Your agency relies on accurate, efficient home health care coding for timely, accurate reimbursement. Many agencies suffer from a few common coding issues that can seriously hurt them. And with ICD-10, many coders have found themselves overwhelmed, relying on techniques to ward off productivity problems, often at the expense of accuracy. Here is a list of common home health care coding habits that your agency should avoid.
Home Health Care Coding Habit #1: Failure to Use Resources
Under the new Home Health CoPs, CMS is looking for documentation that supports the unique story of each patient. However, after a short time, coders begin to memorize basic codes and use them on a frequent basis. Falling into a routine of coding strictly from memory is a bad habit.
Although coders may see the same diagnoses and similar care plans each day, if one patient has something a little different, coding needs to reflect the difference. Otherwise, you could have serious problems. First, you may not receive the maximum reimbursement allowed, which negatively impacts your ability to grow your agency and best serve your clients. Secondly, you may be improperly reporting patient outcomes. With outcomes being publicly reported on Home Health Compare, you may be losing out on referrals and new admissions. Lastly, carbon copy patient charts are a red flag for CMS and may lead to an audit. Therefore, it’s important that home health coders have access to current resources. They should be continuously trained on the latest regulations and requirements.
Home Health Care Coding Habit #2: Utilizing Home Health Care Coding “Cheat Sheets”
Second on our list of home health care coding habits is the use of coding “cheat sheets.” These are often created to help coders assign diagnoses more quickly. However, these unofficial resources may lack the specificity to make a correct diagnosis. They also may not be updated regularly to reflect current regulations or code changes. While it’s good to have resources at their fingertips, coders shouldn’t completely rely on cheat sheets. Remember…regulations change, and patients are all unique. It’s vital that coding is done specifically for each individual patient so nothing is missed and mistakes aren’t made.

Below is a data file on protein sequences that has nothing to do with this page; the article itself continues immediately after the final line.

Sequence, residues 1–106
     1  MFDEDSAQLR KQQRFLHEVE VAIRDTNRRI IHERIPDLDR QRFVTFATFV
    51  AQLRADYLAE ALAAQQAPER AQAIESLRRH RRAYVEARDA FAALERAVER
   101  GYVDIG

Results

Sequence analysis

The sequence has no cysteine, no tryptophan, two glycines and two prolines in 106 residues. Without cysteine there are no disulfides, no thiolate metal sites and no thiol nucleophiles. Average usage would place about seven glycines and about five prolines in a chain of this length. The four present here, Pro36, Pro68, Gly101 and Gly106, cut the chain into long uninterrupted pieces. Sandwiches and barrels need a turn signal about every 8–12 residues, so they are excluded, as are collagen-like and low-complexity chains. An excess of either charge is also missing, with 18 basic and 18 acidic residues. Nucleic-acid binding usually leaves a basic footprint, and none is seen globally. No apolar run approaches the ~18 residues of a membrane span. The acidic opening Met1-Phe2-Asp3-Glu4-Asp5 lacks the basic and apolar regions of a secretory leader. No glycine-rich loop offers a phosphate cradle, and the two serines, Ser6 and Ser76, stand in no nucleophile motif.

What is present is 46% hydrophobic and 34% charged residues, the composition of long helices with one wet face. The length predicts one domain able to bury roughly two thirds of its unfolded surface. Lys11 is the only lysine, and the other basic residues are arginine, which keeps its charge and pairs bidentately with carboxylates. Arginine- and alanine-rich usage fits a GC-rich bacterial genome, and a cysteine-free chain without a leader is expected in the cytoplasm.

Home Health Care Coding Habit #3: Succumbing to Quota Pressure
The last of the home health care coding habits is allowing coders to succumb to quota pressure. If a coder is faced with mounting quota deadlines, s/he may spend less time reviewing documentation properly. S/he may also forego using official resources to allocate codes. When coders are overwhelmed, the likelihood of errors increases. Therefore, coders need time to review documentation to determine the correct diagnosis codes. If your agency is experiencing a high volume of errors or running on a consistent backlog, you should consider working with a third party home health coding provider to support your team. This can be a great solution to help manage a high volume of claims or some of your tougher ones.
In conclusion, it’s important to catch unsatisfactory home health care coding habits sooner rather than later. As a leader, you can support your team by addressing systemic problems at the root of the cause, help them understand areas needing assistance, and offer solutions. Oftentimes, you can spot these habits through quality chart reviews. By training coders to avoid some of these home health coding bad habits, it’s easy to prevent problematic coding habits before they have a chance to form.
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Is your home health agency struggling to meet its workload, losing money due to poor home health care coding practices, or in need of coding assistance? We can help! Reach out to us to learn more about our home health coding services provided by certified, expert home health care coders.